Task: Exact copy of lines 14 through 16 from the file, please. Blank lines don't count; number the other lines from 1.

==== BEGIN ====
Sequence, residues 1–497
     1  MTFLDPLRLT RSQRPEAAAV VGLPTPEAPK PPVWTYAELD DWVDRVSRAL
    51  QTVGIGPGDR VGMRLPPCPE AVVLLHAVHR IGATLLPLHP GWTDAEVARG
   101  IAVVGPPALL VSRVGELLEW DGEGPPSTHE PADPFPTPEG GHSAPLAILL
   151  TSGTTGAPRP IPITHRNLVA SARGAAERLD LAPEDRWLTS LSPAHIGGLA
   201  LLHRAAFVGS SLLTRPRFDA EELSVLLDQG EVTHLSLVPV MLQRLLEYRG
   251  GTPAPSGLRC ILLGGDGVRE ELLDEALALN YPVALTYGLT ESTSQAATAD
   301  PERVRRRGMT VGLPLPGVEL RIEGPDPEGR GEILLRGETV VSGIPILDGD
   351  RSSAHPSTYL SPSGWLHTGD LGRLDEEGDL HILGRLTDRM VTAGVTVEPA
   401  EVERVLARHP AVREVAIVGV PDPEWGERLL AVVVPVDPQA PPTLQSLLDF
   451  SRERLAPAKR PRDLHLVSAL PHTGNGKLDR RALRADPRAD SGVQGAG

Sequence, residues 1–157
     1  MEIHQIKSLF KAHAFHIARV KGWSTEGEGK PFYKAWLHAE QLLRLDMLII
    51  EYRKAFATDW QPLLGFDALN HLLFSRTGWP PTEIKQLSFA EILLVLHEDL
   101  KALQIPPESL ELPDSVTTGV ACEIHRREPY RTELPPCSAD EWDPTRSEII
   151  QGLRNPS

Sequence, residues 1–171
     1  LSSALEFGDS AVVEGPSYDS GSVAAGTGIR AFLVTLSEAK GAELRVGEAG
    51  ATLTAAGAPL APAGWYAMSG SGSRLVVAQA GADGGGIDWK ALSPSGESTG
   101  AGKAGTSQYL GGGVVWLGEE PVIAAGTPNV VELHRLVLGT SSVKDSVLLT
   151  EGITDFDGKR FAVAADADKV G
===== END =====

    51  EYRKAFATDW QPLLGFDALN HLLFSRTGWP PTEIKQLSFA EILLVLHEDL
   101  KALQIPPESL ELPDSVTTGV ACEIHRREPY RTELPPCSAD EWDPTRSEII
   151  QGLRNPS